HD DVD is the "next generation DVD" and has been standardized by the DVD Forum as its official "next generation" format.
Originally, the first "next gen format" to gain wide industry support was Blu-Ray, which was developed by Sony and Philips. However, due variety of reasons, Toshiba and NEC decided to bring their own format to the table, causing a similar situation to the next generation video format as the DVD-R and DVD+R caused to the recordable DVD media.
Anyway, HD-DVD is supported heavily by large companies such as Microsoft, but it still remains to be seen whether the format can have equal footing alongside Blu-ray.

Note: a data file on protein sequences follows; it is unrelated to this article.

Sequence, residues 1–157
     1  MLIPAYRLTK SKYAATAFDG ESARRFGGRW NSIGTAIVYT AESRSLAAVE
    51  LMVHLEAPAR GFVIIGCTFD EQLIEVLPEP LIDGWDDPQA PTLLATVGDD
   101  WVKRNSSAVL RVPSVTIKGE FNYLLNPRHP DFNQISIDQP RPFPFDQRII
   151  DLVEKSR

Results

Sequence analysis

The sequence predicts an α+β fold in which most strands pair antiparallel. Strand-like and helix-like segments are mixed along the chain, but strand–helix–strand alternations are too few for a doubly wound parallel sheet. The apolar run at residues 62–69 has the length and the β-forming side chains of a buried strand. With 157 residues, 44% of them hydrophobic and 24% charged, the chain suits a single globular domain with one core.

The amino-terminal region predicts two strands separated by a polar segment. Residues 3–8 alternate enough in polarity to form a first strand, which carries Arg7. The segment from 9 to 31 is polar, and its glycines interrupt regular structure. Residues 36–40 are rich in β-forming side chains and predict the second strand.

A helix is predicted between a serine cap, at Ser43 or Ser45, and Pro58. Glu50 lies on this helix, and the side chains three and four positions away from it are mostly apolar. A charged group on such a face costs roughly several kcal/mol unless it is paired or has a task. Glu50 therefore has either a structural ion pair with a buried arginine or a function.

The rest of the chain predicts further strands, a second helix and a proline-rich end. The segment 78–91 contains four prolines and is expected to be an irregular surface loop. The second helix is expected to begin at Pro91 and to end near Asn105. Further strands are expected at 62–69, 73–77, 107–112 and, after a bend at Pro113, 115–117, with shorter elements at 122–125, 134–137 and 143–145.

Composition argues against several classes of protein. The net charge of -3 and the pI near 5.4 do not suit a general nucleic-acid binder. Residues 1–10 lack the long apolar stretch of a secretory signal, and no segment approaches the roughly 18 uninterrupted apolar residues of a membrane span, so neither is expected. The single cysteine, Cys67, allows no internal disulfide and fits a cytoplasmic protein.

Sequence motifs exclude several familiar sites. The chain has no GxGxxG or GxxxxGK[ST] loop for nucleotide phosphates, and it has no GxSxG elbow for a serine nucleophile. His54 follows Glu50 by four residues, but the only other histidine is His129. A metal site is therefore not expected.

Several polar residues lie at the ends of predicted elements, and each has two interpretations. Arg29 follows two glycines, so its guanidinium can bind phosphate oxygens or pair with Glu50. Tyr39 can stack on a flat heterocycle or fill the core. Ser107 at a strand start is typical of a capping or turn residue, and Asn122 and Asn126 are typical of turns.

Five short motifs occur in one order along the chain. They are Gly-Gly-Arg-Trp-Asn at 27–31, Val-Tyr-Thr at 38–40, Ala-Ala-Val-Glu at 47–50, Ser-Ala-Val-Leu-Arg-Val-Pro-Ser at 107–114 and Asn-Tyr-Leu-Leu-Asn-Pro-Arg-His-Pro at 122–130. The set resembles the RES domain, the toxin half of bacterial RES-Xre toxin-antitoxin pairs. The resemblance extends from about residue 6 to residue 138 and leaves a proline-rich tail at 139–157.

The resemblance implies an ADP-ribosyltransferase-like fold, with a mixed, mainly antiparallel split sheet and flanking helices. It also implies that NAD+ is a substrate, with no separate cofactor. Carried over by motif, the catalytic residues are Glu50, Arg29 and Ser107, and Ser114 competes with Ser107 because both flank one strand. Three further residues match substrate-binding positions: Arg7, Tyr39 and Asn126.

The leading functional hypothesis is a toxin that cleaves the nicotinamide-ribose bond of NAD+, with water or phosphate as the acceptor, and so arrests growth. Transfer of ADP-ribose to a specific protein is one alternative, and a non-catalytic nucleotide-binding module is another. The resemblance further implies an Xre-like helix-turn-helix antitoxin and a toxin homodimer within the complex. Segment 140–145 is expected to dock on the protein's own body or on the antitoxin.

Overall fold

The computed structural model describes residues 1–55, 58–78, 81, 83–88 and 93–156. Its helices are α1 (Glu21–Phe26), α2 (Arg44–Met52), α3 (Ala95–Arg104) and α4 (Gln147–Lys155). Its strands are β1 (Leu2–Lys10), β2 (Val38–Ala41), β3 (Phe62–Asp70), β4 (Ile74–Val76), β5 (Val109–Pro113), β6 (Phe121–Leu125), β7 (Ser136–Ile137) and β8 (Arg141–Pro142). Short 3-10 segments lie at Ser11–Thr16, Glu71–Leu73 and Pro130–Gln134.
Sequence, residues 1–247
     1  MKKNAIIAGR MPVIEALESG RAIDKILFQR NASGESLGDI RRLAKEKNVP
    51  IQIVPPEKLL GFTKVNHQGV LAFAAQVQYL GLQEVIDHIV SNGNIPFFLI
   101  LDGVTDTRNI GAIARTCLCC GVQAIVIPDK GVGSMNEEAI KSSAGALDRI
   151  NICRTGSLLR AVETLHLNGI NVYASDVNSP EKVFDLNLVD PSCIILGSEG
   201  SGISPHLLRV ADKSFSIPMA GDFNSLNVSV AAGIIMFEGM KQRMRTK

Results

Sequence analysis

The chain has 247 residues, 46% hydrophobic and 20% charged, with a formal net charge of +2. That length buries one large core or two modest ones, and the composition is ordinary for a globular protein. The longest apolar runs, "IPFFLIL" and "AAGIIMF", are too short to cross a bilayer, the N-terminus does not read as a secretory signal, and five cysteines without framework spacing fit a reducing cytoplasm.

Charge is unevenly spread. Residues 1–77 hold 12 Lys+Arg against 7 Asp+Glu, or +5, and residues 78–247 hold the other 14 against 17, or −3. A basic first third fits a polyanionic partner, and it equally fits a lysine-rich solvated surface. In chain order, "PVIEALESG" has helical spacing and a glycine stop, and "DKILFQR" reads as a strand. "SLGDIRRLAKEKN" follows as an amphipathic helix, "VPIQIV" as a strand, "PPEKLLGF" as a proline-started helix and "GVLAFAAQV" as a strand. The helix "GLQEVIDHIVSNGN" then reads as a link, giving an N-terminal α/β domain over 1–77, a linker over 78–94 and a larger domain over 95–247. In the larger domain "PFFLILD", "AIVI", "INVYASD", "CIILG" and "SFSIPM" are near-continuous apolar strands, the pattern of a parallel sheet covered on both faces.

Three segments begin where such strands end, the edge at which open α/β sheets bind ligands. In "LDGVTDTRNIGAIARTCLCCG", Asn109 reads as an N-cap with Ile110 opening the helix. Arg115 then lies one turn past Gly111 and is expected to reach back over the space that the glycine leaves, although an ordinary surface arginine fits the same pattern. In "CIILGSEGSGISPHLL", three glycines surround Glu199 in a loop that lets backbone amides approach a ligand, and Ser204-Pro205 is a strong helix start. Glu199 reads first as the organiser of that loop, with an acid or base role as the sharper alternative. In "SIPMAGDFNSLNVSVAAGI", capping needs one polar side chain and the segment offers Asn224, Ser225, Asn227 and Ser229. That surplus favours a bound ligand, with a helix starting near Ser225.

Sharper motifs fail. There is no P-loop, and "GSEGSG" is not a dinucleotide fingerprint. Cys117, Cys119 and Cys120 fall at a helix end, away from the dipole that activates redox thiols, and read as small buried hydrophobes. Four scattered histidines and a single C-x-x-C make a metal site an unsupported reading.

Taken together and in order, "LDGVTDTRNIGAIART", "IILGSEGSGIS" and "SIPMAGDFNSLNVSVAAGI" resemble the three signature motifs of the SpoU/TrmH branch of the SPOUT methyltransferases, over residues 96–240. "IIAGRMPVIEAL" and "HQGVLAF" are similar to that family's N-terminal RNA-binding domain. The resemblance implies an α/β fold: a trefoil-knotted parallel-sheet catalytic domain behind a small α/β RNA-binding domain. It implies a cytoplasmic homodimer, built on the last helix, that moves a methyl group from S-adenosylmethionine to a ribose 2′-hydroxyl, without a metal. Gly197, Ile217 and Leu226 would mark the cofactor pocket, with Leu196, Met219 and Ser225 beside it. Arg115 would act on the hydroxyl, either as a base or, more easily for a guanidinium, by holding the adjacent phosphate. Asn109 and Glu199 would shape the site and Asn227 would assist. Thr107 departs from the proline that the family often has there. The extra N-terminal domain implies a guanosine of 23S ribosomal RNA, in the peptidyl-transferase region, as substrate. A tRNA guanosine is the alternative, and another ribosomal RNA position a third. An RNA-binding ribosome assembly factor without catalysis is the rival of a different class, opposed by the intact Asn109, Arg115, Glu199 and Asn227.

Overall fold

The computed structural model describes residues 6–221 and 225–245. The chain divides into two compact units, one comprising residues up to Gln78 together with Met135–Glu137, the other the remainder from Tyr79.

HD-DVD uses blue-laser technology (just like Blu-ray does, opposed to DVD's red laser) and can fit approximately 15 gigabytes to one disc layer (compared to appx. 4.3 gigabytes on one DVD disc's layer).
HD-DVD's officially supported video and audio codecs aren't decided yet (late summer, 2005), but currently approved are the traditional MPEG-2, the high-quality MPEG-4 AVC and Microsoft's VC-1.
HD-DVD's maximum supported screen resolution according to its original specs was 1080i as opposed to Blu-ray's 1080p. This has been changed in later tech spec revisions, but early HD DVD players are limited to 1080i.